The cherries are ripe for picking here in the Quincy Valley, but there is one problem facing the harvest — birds.
The pretty robins, starlings and house finches love to peck at and eat the ripening fruit to feed to their young. Gas cannons that are shot off in the orchards scare them away for a time until the birds figure out no harm will really come to them and then they eventually return.
One man has a way to solve the problem, and his name is Jimmy Almaguer. He is a falconer who comes highly prepared for this fruit fight. He brings his Irish setter, his Harris hawks and several falcons to run the pesky birds out of the orchards. This technique is called bird abatement.
“The starlings, robins and finches are a nuisance to the orchard. Falcons flying overhead pose a threat to them. By pressuring the birds with the falcons we get them out of the orchard,” said Almaguer.
He follows the harvest seasons from California to Oregon and Washington as the fruit ripens. He pulls a trailer around from one spot to another and often works long hours. By early July, he had racked up 56 consecutive days. He does it all for the love of his falcons.
When he was about 17 years old, he took in his first bird, an American kestrel (sparrow hawk). The bird was wounded from a fall out of a tree and Almaguer took it in and nursed it back to health.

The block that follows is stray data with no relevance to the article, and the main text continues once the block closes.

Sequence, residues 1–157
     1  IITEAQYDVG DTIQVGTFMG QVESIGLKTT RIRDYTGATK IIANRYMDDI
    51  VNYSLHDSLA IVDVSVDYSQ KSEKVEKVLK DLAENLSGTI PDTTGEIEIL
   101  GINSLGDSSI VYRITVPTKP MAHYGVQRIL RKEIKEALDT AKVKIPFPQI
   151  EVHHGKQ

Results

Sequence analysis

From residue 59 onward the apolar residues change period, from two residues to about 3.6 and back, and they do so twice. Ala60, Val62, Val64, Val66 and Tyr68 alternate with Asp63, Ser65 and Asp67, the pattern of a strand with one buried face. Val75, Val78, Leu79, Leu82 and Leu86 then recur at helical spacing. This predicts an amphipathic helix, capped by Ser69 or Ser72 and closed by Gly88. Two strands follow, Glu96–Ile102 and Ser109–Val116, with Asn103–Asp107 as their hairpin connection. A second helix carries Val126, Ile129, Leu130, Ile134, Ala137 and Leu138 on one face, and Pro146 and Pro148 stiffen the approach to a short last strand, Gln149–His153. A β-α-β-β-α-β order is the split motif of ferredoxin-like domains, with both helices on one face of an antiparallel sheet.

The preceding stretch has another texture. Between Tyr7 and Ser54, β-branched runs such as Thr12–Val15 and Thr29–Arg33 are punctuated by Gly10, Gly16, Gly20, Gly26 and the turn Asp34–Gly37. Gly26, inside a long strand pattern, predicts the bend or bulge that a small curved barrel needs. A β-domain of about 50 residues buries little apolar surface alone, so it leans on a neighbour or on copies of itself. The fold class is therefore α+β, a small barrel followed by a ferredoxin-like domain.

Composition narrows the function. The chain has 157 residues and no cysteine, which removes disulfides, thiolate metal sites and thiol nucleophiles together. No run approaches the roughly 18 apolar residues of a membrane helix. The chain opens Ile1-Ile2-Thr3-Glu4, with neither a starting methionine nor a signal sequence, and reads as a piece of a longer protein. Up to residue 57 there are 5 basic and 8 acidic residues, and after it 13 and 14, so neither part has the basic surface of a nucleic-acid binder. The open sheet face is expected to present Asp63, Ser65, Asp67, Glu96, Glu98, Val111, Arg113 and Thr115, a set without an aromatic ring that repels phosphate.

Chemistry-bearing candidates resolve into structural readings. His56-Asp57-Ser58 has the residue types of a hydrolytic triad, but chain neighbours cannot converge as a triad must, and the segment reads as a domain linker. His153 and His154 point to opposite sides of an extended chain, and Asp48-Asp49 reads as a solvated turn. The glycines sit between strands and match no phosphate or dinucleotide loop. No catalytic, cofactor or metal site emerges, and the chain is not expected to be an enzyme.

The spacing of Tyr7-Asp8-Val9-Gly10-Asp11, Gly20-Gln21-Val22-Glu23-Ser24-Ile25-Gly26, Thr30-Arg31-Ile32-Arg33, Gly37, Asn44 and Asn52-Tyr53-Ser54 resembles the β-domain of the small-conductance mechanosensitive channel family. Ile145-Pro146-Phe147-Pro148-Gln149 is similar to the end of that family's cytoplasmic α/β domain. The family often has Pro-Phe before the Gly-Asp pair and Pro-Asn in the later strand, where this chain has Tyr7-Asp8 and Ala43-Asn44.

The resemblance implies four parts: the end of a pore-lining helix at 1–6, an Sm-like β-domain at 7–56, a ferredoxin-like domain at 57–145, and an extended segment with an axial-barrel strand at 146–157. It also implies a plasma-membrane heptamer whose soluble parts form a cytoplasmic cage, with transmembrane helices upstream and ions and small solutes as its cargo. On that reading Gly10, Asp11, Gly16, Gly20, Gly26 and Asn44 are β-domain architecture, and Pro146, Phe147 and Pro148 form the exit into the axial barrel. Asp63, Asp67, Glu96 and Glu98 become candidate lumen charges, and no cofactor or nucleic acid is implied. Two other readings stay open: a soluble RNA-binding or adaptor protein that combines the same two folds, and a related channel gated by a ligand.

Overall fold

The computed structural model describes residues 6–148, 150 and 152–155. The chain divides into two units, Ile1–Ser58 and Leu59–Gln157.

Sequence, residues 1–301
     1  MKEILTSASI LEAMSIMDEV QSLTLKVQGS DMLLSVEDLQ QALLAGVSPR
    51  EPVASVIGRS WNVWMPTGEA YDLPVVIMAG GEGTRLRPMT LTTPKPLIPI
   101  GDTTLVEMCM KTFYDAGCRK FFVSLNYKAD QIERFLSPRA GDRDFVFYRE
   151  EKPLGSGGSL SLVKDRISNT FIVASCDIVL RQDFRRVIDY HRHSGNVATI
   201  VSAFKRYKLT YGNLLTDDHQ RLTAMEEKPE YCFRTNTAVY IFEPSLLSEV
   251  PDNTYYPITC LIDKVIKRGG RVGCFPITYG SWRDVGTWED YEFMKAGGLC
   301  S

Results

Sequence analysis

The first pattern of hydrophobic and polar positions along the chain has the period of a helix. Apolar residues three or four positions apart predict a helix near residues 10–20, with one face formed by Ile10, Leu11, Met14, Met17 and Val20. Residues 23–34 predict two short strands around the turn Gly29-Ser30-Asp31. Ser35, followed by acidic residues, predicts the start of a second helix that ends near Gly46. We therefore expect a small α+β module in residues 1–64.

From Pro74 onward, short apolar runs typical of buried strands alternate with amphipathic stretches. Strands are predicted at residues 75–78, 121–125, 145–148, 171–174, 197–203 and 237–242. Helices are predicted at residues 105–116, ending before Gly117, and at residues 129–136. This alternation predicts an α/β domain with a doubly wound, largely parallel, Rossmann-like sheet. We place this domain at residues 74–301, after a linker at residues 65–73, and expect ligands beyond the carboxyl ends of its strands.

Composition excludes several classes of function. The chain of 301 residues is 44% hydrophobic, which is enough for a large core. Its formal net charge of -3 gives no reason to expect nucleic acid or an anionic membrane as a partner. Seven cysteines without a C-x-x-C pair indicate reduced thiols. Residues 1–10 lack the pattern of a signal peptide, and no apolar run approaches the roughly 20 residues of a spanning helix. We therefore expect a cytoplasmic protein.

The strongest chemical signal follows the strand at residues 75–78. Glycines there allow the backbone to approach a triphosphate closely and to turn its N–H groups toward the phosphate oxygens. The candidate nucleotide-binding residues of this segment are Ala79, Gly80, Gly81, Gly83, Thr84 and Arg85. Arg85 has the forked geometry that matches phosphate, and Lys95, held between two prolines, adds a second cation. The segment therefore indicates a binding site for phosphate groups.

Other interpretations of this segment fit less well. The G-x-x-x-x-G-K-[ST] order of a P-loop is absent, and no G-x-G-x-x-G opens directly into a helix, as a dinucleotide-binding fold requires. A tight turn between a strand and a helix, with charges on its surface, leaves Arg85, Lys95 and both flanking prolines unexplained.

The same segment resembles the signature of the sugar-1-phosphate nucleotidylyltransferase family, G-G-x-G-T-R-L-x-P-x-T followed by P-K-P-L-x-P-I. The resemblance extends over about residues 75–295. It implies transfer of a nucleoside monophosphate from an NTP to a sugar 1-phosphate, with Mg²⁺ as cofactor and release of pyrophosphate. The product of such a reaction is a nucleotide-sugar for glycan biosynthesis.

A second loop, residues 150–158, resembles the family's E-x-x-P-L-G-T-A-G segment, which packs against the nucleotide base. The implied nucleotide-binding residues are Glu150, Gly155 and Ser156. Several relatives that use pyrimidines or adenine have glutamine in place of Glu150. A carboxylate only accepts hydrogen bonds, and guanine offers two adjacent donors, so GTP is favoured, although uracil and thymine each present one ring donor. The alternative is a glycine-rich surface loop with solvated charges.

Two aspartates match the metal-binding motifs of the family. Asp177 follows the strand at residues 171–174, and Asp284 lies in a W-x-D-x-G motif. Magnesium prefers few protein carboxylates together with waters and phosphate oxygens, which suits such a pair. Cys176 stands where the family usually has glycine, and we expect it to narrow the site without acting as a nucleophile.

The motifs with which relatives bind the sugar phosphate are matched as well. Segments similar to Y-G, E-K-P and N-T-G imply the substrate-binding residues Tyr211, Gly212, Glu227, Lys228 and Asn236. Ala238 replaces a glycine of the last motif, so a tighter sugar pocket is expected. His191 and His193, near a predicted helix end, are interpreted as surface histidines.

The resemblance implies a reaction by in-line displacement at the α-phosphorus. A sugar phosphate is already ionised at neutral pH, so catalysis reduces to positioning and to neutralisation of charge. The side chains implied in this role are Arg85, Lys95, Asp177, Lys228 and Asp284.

“I didn’t know much about hawks or falcons then, so the bird flew off. I went to the library to read more and learn more about falconry and how to train them. Some of it you learn as you go and through trial and error,” he said.
Almaguer’s hobby turned into a passion. He tested and trained to be a falconer and obtained a Federal Fish and Game License to raise and train working falcons and hawks. He mentioned that it takes a few months to train a bird the basics, but that it takes a full year to fine-tune that training.
He emphasized that to become a falconer is not an easy thing to do. There are many steps to take up the ladder of this particular skill set. First, anyone interested must become an apprentice to a falconer. Then they must take a test and obtain a general license for falconry. The final step is to take another test to become a master falconer, like Almaguer. As far as he knows, he is only one of about 60 people on the West Coast who are using the working hawks and falcons for bird abatement the way he does.
He can use his birds of prey in many different ways, such as clearing birds out of the sanitary landfills and off of air strips. He has a team of birds that work well together. They are his Harris hawks, Suguaro and Cactus Jack; Pella and Wally, who are Peregrine falcons; and Corkey, his Saker falcon. He keeps them in the air as much as possible. The critical hours are the first two hours after sunrise and the two hours before dusk, when the small birds get hungry and want to fly in to eat the red, juicy cherries on the outer edges of the orchards.
Almaguer will travel around in nomadic fashion, working with his birds in different orchards until the last day of the harvest. “It is really pretty effective. It is also a very green thing to do. It’s good for the environment,” Almaguer said.